Australia and Japan
Australia is a small open economy with a population of over 21 million. It is characterized as an advanced economy by the World Bank with a gross domestic product of US$766.8 billion; whereas Japan has the third largest economy in the world and is the second most technologically powered economy after the US. It has a population of over 127.4 million and has a GDP of US$4.346 trillion. However in 2007 Australia had a slightly higher GDP per capita than Japan with US$34,943 and a ranking of 19th, compared to Japan’s US$34,024 and a ranking of 20th. Australia was also estimated to have grown in GDP by 3.9% in 2007 while Japan grew only by 1.8%.
Employment and Unemployment
Australia has an unemployment rate of 4.3%, which is well below average of the Organization of Economic Cooperation (OECD) total of 5.6%. However Japan has an even lower rate of 3.9%. Australia also has a much smaller labour force compared to Japan due to Australia’s small population size. Australia has a labour force of almost 11 million with a population of over 21 million, while Japan has a total labour force of 66 million with population of over 127 million. Figure 1.1 shows how Japan and Australia have similar figures in relation to the share of labour force by industry. It shows that the majority of the labour force is employed in services. This is due to an international trend that is also present in Singapore and the USA. Thus we can see that Australia and Japan both perform well in relation to employment and unemployment but as Japan has a larger labour force it is able to produce at a much greater rate. Their lower unemployment rate also indicates that Japan is able to utilise their labour resources more efficiently than Australia.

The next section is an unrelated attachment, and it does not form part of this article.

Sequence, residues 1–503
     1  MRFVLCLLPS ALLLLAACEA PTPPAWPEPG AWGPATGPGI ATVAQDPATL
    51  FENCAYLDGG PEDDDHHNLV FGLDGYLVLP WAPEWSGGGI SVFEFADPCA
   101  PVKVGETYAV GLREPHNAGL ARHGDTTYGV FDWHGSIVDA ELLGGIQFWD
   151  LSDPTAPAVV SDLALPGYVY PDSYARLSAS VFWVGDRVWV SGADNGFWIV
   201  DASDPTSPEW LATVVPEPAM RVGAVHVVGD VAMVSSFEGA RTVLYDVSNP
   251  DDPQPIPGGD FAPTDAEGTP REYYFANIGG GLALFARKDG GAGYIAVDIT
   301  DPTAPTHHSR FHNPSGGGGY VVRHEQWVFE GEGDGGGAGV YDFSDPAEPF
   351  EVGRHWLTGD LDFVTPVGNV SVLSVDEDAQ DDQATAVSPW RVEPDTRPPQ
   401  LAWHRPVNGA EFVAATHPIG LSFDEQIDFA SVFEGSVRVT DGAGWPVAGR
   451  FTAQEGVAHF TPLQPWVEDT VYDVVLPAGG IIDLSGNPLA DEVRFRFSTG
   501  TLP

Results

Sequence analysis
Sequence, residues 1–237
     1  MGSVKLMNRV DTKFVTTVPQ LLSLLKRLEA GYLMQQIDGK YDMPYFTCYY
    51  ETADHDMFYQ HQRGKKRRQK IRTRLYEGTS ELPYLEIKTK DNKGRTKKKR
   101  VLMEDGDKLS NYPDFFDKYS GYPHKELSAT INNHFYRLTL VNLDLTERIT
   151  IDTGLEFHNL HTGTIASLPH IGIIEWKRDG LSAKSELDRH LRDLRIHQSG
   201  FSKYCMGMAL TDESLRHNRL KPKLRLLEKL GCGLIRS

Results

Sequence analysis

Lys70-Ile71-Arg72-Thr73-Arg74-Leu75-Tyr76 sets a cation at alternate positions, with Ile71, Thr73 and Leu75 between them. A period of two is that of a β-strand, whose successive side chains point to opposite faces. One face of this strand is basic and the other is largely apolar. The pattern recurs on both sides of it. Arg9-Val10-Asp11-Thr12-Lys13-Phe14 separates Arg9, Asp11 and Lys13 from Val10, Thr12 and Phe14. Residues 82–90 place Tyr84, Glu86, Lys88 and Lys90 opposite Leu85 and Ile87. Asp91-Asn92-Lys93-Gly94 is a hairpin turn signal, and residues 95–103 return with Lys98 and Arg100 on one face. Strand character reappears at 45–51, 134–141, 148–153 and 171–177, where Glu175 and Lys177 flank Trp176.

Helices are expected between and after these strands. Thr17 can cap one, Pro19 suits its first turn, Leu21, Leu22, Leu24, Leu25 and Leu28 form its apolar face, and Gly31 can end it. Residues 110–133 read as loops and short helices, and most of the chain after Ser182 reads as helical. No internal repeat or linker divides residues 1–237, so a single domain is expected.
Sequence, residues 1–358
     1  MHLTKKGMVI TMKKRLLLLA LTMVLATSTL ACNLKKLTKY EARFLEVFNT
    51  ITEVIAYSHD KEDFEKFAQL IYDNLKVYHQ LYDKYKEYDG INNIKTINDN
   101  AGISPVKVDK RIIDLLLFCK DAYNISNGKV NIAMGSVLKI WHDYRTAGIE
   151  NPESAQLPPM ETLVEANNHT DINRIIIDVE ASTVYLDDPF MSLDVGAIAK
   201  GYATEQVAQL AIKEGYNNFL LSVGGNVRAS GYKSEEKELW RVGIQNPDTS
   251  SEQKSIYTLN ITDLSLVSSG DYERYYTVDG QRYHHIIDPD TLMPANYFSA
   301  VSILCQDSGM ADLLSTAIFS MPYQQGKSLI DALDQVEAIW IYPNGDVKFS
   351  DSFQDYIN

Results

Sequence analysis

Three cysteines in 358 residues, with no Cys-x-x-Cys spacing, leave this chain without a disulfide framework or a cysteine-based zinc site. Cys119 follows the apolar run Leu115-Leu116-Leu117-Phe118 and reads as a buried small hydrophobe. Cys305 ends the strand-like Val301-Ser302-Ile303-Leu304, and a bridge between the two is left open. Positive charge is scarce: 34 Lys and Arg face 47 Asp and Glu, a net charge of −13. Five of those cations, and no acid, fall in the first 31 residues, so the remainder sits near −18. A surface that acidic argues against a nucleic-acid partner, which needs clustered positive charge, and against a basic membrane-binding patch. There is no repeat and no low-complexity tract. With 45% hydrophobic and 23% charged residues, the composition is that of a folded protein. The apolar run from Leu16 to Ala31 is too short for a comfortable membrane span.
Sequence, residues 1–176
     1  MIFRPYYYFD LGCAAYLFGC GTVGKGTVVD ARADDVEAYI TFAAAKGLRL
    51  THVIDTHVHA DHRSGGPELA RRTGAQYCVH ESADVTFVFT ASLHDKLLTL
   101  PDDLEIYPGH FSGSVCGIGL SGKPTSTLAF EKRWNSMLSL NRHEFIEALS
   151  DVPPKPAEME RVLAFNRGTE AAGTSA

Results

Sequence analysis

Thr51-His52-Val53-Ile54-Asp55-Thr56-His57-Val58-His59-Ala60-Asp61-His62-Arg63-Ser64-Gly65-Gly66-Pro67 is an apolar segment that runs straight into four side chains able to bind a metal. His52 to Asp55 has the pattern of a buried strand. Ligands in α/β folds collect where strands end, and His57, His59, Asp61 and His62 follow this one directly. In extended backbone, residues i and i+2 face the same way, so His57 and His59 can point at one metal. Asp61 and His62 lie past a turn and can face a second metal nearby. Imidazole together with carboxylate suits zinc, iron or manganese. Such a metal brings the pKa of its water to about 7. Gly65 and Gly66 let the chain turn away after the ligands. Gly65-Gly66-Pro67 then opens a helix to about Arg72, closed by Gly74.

Quality of Life
Quality of life is measured by the Human Development Index, which is a narrow but popular measure of quality of life. Australia was ranked third in 2005, with an HDI of 0.962, while Japan had a lower HDI of 0.953. Some other quality of life indicators are also shown in fig.1.2. These figures show that Australia and Japan have a similar quality of life, with both nations living in very developed societies. However Japan has a lower percentage of population living in urban areas than Australia, which could be due to the portion of the labour force that are employed in primary industries located in country areas. Japanese workers also work longer hours on average than Australians.
|Quality of life indicators |Australia |Japan | |Human Development index (2005) |0.962 |0.953 | |Life expectancy at birth, total (years) 2007 est. |80.62 |82.02 | |Urban Population (% of total) 2005 |88.2 |65.8 | |Adult literacy rate (% of population aged 15 and over) |99 |99 | |Under-five mortality rate (per 1,000 live births) 2005 |6 |4 | |Internet users (per 1,000 people) 2005 |698 |668 | |Average annual hours actually worked per person (2006) |1714 |1784 |
Australia is very rich in minerals and it makes up a large portion of its export goods. It is also the reason that Australia uses and emits such a high amount of non-renewable energy such as coal and oil, while Japan only uses coal for only 21.1% of its total energy supply source, as seen in fig 1.3. Japan also faces environmental issues such as:
• air pollution from power plant emissions resulting in acid rain • acidification of lakes and reservoirs
← degrading water...
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